4 Lessons I’ve Learned In 4 Years of Blogging
Today my blog turns four. Four years ago, if you would’ve told me that I’d have a blog that would last for at least four years, I would’ve responded with, “what’s a blog?” Back in 2010, I knew nothing about WordPress, barely anything about Twitter–I was just looking for a way to create writing samples.
Fast forward to today and I can’t imagine a life without blogging. It’s become my strongest passion and something I absolutely love. It’s through blogging I’ve been able to connect with all types of people from around the globe, trade stories, learn new recipes, receive book recommendations, and simply be entertained. Blogging has opened my world to a whole new slew of people, events, and thoughts. It’s helped me tighten my writing and allowed me to continue to view the world through a critical lens.
As I sit here in my college friend’s apartment in Washington DC, a city I haven’t been since I was a newly 21 year old intern in the House of Representatives, I reflect on what I’ve learned in my years of blogging. Here are the four lessons I’ve learned in four years of blogging:
1) Don’t think, write.
Often times as writers, we stop ourselves before we start. We come up with an amazing idea and then toss it out the window before a post comes to fruition. I’ve learned that when an idea strikes my mind, I should just go with it. As my Creative Writing professor used to tell us back in college, don’t stop yourself before you even start. Get those ideas down and you’ll find that it will become a wonderful post.
2) Share the love.
One of my favorite things about blogging is reading and commenting on other blogs. I love sharing the posts I enjoy reading and promoting other talented and well-spoken people. You can’t blog in a bubble, you must be a part of the community!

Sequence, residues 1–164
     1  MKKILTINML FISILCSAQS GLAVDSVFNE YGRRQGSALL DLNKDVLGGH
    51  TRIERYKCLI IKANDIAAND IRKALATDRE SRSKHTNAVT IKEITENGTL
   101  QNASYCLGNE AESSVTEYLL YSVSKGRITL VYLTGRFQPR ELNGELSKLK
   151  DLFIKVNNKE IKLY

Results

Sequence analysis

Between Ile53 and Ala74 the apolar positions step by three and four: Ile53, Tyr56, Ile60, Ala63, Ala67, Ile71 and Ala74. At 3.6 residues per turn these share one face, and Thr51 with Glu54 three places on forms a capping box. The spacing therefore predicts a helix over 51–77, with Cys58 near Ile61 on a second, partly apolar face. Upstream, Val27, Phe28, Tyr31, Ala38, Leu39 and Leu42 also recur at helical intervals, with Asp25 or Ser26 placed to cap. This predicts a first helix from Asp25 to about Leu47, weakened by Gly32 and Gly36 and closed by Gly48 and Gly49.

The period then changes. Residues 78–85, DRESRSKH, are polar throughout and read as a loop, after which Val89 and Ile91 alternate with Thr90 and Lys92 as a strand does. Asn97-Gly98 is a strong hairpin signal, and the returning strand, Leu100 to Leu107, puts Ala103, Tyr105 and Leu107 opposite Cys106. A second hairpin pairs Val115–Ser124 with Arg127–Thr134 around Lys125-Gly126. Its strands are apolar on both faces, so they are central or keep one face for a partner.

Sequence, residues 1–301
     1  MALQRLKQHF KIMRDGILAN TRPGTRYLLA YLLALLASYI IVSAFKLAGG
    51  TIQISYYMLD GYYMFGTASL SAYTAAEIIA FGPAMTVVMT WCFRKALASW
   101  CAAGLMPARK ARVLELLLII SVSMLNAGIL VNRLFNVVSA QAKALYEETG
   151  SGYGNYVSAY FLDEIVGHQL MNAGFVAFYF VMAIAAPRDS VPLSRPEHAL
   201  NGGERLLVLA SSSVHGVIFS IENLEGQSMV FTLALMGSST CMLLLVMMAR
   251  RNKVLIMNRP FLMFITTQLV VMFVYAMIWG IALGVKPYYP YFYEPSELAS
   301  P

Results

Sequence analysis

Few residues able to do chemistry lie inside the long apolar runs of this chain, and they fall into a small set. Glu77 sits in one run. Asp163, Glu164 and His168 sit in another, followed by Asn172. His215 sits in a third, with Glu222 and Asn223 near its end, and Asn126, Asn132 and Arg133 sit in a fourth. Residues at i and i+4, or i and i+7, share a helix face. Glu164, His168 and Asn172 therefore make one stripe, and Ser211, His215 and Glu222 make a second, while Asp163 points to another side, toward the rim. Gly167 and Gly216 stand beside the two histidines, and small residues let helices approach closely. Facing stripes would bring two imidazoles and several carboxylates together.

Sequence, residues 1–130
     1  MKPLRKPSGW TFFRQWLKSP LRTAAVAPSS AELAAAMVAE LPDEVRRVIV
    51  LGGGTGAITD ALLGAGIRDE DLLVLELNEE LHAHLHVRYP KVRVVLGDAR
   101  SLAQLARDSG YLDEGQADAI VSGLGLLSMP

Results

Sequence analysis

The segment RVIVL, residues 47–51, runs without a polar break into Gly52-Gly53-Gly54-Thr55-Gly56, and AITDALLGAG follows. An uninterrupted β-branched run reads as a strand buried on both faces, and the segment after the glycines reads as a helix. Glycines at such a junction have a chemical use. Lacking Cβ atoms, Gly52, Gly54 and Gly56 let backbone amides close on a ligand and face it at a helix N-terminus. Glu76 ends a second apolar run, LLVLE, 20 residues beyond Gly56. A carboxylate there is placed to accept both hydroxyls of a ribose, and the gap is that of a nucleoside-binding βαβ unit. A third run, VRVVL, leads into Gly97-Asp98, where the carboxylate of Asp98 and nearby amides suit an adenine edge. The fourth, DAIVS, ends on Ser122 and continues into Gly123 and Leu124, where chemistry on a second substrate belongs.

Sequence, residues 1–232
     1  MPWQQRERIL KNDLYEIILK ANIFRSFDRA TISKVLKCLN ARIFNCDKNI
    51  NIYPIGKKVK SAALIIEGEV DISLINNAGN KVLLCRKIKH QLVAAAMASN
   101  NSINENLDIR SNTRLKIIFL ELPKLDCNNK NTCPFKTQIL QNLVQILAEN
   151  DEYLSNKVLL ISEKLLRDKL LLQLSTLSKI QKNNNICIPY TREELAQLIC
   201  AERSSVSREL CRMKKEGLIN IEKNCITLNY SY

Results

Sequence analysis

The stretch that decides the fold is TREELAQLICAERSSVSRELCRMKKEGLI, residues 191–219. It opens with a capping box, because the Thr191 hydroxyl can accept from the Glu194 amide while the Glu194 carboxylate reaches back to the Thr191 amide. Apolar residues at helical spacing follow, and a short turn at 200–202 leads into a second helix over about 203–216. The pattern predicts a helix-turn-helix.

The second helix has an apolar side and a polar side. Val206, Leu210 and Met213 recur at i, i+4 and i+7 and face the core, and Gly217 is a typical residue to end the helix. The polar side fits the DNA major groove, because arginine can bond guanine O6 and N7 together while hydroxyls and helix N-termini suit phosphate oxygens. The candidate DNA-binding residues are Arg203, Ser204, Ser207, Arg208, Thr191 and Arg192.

I’m also a fan of getting people to start their own blogs. I know so many people who are talented and would benefit from sharing their opinions with the world. Just recently, I helped my friend get his wine blog up and running.
3) Get out of your comfort zone.
Say the toughest thing. I’ve found that some of my best posts have come when I’ve stepped out of my comfort zone and discussed hot topics, particularly when it comes to politics and education. Those posts have fostered interesting discussions and have helped me to strengthen my own opinions and arguments. It’s also fun to get out in the field and research a completely new topic and see where it takes you.
4) Frequency is key.
In order to maintain the community surrounding your blog, you have to post! The number of posts I wrote in 2013 decreased significantly from the years prior and it definitely made a difference in the number of visitors that came to my blog that year. I saw a lot less traffic in 2013 because of that fact. This year, I’m making it a goal to post at least once a week.
Here’s to another year of blogging!